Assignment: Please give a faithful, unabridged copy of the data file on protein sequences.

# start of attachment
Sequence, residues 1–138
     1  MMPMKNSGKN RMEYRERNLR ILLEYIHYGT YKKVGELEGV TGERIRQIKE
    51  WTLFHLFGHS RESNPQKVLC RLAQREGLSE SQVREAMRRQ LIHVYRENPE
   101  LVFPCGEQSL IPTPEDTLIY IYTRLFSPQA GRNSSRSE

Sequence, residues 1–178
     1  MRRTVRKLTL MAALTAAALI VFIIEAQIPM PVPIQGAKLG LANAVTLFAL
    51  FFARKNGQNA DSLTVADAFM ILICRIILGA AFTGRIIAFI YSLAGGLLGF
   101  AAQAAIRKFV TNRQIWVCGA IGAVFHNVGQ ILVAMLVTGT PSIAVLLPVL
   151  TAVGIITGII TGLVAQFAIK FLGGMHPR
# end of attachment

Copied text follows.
Sequence, residues 1–138
     1  MMPMKNSGKN RMEYRERNLR ILLEYIHYGT YKKVGELEGV TGERIRQIKE
    51  WTLFHLFGHS RESNPQKVLC RLAQREGLSE SQVREAMRRQ LIHVYRENPE
   101  LVFPCGEQSL IPTPEDTLIY IYTRLFSPQA GRNSSRSE

Sequence, residues 1–178
     1  MRRTVRKLTL MAALTAAALI VFIIEAQIPM PVPIQGAKLG LANAVTLFAL
    51  FFARKNGQNA DSLTVADAFM ILICRIILGA AFTGRIIAFI YSLAGGLLGF
   101  AAQAAIRKFV TNRQIWVCGA IGAVFHNVGQ ILVAMLVTGT PSIAVLLPVL
   151  TAVGIITGII TGLVAQFAIK FLGGMHPR